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Aspuru-Guzik took as a starting point an organic semiconductor called DTT, which has already demonstrated promise in the lab. First, the computer program generated several possible variations on this large carbon-based molecule by adding and subtracting components. The program then predicted how these variations would behave and screened for the most promising—those that seemed likeliest to conduct charges very fast. These predictions were informed by a huge amount of data on how similar molecules and molecular building blocks have performed in past experiments, and by theoretical physics and chemistry.

When Bao’s group synthesized the molecule predicted to have the best properties, it behaved as expected. Transistors made from the material operate 10 times faster than transistors made from amorphous silicon, the material used in today’s display electronics; the new material is the second-fastest organic semiconductor yet made. The work is described in the journal Nature Communications. While Bao and Aspuru-Guzik say the material could be used in industrial applications, the experiment has more significance as a proof of principle for their methods for using computers to develop new organic materials.

Aspuru-Guzik is using a similar computational approach for the Harvard Clean Energy Project, which aims to discover better solar material. For this endeavor, he has a lot of computational power at his fingertips: his calculations are being run on the almost two million computers of users signed on to the IBM World Community Grid. Aspuru-Guzik is taking advantage of this brute force to screen about 2.6 million molecules that haven’t been made for their solar potential, using experimental data on approximately 200 previously made molecules. The program predicts what color of light a material will absorb, and how strongly, as well as other factors that make a good solar material.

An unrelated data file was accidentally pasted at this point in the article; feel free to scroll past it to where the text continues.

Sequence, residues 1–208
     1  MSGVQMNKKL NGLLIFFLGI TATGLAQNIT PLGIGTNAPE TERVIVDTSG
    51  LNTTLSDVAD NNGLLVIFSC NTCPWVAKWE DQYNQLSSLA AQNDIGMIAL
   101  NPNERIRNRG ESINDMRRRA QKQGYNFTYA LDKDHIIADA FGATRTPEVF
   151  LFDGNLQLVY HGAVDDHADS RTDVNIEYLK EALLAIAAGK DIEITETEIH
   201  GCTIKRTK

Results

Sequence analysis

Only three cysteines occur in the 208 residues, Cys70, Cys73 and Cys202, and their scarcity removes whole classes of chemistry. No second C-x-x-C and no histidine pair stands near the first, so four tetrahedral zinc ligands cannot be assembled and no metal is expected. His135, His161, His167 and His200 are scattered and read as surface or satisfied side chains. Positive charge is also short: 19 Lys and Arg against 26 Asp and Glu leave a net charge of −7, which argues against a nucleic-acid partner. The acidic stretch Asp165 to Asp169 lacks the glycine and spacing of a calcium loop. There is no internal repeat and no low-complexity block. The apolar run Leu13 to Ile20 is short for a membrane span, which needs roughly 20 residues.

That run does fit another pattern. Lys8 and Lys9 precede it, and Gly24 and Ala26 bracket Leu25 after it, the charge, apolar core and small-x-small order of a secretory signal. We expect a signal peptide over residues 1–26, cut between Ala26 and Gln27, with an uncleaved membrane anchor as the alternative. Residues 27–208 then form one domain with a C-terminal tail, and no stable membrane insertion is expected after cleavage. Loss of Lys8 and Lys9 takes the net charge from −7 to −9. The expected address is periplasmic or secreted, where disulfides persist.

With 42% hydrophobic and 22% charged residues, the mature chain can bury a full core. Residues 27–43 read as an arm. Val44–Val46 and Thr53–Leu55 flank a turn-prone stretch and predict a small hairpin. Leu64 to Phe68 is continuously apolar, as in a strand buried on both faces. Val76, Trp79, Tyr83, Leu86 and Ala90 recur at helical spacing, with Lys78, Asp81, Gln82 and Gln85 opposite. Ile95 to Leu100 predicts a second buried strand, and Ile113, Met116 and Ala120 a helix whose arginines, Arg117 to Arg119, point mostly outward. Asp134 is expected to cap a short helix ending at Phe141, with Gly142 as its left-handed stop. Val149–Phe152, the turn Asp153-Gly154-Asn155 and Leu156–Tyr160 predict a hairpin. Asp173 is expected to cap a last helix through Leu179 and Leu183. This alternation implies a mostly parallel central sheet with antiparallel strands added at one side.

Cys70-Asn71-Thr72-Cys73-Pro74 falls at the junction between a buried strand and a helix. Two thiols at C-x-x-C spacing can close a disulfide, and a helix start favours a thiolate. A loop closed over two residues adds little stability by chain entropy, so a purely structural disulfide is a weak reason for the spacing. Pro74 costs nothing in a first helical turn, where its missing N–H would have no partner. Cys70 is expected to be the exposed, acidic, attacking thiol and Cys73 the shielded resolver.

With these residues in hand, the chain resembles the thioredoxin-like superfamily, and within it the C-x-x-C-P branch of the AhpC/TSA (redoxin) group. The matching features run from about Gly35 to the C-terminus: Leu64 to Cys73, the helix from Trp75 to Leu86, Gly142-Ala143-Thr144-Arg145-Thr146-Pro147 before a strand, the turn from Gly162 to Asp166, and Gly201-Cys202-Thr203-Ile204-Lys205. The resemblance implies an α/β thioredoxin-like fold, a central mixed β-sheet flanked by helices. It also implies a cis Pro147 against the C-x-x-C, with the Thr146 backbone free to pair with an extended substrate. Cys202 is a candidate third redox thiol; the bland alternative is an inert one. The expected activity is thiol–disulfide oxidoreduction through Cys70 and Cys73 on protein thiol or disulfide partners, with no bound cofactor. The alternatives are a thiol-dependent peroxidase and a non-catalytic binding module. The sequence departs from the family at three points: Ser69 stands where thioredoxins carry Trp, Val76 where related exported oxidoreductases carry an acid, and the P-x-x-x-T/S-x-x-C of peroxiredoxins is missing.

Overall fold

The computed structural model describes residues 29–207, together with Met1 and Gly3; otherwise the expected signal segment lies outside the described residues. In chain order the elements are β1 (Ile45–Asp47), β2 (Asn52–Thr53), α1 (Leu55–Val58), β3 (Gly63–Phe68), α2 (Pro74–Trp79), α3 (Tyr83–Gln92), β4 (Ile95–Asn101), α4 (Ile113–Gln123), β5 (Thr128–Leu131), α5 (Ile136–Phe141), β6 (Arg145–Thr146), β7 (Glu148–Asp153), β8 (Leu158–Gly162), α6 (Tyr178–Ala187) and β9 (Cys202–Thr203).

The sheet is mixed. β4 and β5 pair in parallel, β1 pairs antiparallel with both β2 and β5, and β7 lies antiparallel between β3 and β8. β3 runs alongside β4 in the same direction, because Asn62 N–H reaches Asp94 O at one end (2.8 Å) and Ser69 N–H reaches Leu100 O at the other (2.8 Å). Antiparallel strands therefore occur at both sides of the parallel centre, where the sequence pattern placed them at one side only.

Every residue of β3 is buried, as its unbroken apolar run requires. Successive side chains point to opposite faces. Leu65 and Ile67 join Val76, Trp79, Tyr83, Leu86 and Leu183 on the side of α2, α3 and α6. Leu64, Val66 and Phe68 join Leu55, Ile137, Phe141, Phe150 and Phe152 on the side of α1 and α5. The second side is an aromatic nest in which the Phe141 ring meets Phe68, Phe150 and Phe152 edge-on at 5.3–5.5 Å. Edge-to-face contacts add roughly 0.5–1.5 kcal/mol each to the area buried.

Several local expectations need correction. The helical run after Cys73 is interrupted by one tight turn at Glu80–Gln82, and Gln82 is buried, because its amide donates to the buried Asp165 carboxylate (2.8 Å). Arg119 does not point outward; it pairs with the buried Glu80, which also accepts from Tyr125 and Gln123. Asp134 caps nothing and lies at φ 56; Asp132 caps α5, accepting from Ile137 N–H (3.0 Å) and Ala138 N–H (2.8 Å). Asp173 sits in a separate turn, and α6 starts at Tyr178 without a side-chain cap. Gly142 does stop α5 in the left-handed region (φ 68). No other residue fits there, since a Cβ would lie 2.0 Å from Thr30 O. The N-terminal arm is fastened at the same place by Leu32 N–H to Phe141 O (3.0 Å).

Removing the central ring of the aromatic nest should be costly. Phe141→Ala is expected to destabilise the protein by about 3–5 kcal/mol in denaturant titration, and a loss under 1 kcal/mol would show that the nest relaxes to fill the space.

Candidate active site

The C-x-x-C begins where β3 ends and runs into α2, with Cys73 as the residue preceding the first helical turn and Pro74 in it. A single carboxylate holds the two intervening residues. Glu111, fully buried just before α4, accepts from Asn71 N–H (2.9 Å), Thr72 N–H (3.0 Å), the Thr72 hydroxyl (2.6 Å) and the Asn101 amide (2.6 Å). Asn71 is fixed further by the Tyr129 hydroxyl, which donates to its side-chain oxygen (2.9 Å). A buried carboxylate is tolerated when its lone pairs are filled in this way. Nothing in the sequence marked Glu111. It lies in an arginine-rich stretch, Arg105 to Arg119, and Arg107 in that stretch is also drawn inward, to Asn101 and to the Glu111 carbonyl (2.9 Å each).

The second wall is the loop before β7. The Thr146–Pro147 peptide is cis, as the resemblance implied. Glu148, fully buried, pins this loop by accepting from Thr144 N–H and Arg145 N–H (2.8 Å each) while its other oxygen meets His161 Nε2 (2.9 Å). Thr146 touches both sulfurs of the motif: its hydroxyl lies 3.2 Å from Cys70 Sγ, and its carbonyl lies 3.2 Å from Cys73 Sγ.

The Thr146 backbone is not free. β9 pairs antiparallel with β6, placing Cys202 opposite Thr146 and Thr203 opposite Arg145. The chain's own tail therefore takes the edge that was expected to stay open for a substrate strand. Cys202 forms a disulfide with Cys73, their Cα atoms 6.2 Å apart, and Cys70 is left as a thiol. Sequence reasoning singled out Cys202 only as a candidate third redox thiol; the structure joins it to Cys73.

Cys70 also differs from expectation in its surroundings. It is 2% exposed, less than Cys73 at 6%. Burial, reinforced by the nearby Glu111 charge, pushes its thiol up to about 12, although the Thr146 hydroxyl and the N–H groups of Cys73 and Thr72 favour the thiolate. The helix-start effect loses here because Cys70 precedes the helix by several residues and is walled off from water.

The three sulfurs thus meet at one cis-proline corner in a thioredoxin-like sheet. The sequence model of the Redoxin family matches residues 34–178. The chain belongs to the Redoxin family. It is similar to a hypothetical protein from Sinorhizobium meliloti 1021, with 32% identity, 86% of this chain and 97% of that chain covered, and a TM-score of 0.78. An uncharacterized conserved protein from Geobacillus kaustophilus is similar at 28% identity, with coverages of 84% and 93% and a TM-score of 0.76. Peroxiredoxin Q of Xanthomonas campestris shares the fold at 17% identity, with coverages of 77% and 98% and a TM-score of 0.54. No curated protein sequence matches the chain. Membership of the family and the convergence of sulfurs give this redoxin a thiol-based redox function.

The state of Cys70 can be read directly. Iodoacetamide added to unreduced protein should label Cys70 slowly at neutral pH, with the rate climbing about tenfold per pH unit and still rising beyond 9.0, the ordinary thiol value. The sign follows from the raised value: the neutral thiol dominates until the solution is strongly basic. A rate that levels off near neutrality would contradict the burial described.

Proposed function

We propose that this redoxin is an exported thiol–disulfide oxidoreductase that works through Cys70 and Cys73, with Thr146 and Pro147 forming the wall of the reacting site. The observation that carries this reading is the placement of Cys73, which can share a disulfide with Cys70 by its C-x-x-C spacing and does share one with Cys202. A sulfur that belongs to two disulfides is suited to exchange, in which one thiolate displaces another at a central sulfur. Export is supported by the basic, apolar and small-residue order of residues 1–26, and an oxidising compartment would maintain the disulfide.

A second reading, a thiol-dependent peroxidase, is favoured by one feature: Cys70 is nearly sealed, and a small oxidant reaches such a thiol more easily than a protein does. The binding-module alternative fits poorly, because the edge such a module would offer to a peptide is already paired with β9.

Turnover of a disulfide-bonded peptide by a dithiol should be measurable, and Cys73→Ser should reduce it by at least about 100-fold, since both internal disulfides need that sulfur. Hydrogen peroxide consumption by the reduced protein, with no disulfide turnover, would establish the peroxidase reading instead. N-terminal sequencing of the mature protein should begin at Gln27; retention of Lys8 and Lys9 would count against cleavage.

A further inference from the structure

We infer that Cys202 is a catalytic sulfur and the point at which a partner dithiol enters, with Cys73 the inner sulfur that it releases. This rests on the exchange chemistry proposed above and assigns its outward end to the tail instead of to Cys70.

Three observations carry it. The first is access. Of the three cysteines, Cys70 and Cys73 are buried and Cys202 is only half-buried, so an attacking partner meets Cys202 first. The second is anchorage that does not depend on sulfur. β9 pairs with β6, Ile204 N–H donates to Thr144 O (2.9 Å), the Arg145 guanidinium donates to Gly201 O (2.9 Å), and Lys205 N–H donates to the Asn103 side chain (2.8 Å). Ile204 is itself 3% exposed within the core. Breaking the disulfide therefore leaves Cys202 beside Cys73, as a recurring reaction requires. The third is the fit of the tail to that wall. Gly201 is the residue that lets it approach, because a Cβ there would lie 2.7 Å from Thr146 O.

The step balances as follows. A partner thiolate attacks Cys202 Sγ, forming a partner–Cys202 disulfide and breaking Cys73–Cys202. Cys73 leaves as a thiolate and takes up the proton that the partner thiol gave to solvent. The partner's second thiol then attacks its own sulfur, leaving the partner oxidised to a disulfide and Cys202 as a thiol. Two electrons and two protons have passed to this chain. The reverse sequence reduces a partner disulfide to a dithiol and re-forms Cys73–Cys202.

“There’s no way you can try all of the possible materials experimentally,” says Geoffrey Hutchison, a professor of chemistry at the University of Pittsburgh who’s also working on computationally predicting characteristics of possible solar materials. “As time goes on, the experimentalists are starting to rely more on prediction.” Results like Aspuru-Guzik’s should make them more confident in doing so, he says.

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Credit: Anatoliy Sokolov

Tagged: Computing, Materials, materials, flexible electronics, computer modeling, semiconductor, plastic solar cells

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